US Officials Deny Clinton Intends to Issue Presidential Statement on Palestinian-Israeli Conflict

Published January 10th, 2001 - 02:00 GMT

While Israeli officials cling to hopes that US President Bill Clinton's efforts to put an end to the conflict in the Middle East will at least end in a general US declaration about the state of the peace process between Palestinians and Israelis, US counterparts insisted that no such declaration is in the works, reported Haaretz newspaper.  

"The US government has no knowledge of an intention held by Bill Clinton to issue a presidential statement summing up the Israeli-Palestinian peace process," a well-placed US source was quoted by the daily as saying Tuesday.  

"All talk about such a presidential declaration refers to an Israeli idea which we know nothing about," the source added. 

Clinton, the source explained, has "already relayed his declaration, in a speech he delivered on Sunday in New York, in which he detailed the ideas he has submitted to the sides. He has nothing to add to this and, from this point on, any additional steps and progress depend upon the sides themselves." 

According to the paper, Palestinian officials appeared to dash Israeli hopes regarding the issuance of a US presidential statement.  

As one high-ranking PA official put it, rather than hastily seeking a "meaningless declaration full of holes," it would be better to wait until the next US administration takes power and until elections are held in Israel, Haaretz added. 

In the meantime, the Jerusalem Post newspaper reported Israeli Prime Minister Ehud Barak's "peace cabinet" discussed Tuesday the current situation in the Palestinian territories, as well as US peace envoy Dennis Ross' arrival to Israel, which has been rescheduled for Thursday.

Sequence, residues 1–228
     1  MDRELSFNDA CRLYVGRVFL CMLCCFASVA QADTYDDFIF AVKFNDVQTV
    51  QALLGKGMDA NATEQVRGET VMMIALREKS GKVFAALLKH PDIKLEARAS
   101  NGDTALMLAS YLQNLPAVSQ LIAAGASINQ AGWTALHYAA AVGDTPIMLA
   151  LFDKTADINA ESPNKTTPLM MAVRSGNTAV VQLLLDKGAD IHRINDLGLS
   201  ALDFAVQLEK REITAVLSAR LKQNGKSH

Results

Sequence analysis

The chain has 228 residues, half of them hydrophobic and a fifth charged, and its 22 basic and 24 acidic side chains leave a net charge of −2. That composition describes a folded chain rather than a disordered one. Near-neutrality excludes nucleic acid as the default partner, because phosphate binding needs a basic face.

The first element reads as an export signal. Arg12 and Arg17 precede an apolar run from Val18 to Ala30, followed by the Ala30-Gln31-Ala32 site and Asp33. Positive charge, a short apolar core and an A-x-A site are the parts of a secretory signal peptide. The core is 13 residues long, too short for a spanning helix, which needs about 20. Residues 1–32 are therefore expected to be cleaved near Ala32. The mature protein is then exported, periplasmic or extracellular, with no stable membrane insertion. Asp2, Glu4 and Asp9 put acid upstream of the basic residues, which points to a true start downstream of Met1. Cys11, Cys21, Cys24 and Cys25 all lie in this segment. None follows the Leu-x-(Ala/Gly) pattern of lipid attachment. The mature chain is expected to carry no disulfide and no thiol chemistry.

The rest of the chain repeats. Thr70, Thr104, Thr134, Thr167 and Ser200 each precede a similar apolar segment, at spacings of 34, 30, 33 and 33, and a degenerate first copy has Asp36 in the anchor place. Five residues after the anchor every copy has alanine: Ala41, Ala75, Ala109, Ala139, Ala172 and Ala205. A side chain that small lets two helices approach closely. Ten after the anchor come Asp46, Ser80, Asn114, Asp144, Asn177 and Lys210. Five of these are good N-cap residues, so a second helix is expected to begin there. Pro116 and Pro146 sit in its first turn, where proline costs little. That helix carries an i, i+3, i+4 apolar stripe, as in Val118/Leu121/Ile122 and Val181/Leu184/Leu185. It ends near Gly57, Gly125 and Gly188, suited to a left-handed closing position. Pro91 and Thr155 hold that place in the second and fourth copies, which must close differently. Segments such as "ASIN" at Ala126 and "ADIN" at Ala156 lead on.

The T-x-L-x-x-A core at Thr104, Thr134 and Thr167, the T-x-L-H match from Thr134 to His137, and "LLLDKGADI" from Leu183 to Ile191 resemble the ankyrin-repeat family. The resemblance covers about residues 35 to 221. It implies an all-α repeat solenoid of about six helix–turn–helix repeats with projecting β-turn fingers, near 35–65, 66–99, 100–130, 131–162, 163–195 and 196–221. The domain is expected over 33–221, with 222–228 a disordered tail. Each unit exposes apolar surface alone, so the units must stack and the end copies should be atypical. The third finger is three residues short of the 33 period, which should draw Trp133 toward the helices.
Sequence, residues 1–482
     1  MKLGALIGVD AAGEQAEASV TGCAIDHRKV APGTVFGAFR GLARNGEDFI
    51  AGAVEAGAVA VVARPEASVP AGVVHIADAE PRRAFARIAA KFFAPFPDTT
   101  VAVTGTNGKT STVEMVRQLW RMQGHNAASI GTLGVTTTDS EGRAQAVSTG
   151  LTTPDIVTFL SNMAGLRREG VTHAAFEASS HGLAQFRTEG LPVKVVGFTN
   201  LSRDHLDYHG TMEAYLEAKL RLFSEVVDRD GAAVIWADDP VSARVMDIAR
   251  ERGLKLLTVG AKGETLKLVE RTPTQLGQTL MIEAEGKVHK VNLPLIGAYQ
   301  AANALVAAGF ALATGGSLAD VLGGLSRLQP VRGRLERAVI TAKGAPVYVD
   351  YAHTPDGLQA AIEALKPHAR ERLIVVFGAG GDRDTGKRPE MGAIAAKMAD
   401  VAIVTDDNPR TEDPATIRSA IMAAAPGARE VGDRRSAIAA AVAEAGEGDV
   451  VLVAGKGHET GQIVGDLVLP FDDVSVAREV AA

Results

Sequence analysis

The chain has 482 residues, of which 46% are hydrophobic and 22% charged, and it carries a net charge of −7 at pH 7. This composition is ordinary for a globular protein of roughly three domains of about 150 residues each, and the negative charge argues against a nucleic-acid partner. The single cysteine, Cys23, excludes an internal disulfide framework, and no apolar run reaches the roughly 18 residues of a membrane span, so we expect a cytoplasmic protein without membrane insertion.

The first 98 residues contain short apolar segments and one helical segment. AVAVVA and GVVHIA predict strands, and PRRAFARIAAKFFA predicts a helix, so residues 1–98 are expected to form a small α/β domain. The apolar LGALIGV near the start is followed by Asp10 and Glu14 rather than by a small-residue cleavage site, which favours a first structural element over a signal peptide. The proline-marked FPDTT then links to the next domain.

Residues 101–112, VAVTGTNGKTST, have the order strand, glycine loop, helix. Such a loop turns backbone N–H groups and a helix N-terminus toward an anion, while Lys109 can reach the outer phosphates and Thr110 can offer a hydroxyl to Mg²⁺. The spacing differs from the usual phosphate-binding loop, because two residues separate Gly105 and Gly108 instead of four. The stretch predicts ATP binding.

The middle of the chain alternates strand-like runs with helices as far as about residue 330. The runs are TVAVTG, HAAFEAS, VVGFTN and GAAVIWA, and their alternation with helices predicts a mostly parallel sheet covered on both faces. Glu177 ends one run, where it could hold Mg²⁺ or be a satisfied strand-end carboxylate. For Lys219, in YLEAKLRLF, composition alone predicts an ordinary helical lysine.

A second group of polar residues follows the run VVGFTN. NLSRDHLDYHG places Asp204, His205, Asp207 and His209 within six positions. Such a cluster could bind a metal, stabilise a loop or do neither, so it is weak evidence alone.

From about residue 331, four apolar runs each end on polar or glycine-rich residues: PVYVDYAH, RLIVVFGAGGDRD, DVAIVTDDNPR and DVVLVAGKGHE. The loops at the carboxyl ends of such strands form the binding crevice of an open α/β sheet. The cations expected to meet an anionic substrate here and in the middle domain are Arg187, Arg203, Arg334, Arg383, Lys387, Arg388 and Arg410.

Ross will try to clarify the details of Clinton's peace proposal to the two sides, and probe whether Israel and the PA are prepared to show flexibility, a US source told the daily. 

In the meantime, Haaretz reported that Israeli transportation minister Amnon Lipkin-Shahak met Tuesday night with Palestinian President Yasser Arafat to discuss ways to end the ongoing violence in the territories and terrorist attacks against Israel. 

Haaretz also reported that although Barak's office announced Tuesday that Israel would resume security cooperation with the PA in response to a request made by CIA director George Tenet, as of Tuesday night, no meetings had been scheduled between IDF officers and their PA counterparts. 

"This delay in setting up security cooperation meetings is not merely due to logistical hitches," an Israeli military source disclosed.  

"Neither side is particularly enthusiastic about honoring the new commitment to resume security cooperation, the source indicated. Israel does not want to lift closures on areas in the territories until the PA takes steps to end violence, whereas the PA predicates future developments upon Israel first annulling the closures, the source added -- (Several Sources) 

 

 

 

© 2001 Al Bawaba (www.albawaba.com)


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